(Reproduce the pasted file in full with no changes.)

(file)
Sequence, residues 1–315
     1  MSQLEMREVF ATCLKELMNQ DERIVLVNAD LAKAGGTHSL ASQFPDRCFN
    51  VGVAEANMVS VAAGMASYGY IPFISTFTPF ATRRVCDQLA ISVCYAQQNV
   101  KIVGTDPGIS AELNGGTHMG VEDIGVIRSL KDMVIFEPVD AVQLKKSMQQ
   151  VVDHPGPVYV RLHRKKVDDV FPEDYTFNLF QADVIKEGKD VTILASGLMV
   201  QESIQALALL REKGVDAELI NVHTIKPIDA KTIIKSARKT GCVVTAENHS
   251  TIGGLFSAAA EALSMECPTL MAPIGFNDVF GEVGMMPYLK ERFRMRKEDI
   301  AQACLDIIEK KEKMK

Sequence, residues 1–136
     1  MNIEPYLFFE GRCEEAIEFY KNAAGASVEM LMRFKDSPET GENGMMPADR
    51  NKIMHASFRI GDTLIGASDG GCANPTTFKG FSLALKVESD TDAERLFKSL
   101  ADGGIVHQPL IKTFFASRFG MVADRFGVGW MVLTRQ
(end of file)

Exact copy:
Sequence, residues 1–315
     1  MSQLEMREVF ATCLKELMNQ DERIVLVNAD LAKAGGTHSL ASQFPDRCFN
    51  VGVAEANMVS VAAGMASYGY IPFISTFTPF ATRRVCDQLA ISVCYAQQNV
   101  KIVGTDPGIS AELNGGTHMG VEDIGVIRSL KDMVIFEPVD AVQLKKSMQQ
   151  VVDHPGPVYV RLHRKKVDDV FPEDYTFNLF QADVIKEGKD VTILASGLMV
   201  QESIQALALL REKGVDAELI NVHTIKPIDA KTIIKSARKT GCVVTAENHS
   251  TIGGLFSAAA EALSMECPTL MAPIGFNDVF GEVGMMPYLK ERFRMRKEDI
   301  AQACLDIIEK KEKMK

Sequence, residues 1–136
     1  MNIEPYLFFE GRCEEAIEFY KNAAGASVEM LMRFKDSPET GENGMMPADR
    51  NKIMHASFRI GDTLIGASDG GCANPTTFKG FSLALKVESD TDAERLFKSL
   101  ADGGIVHQPL IKTFFASRFG MVADRFGVGW MVLTRQ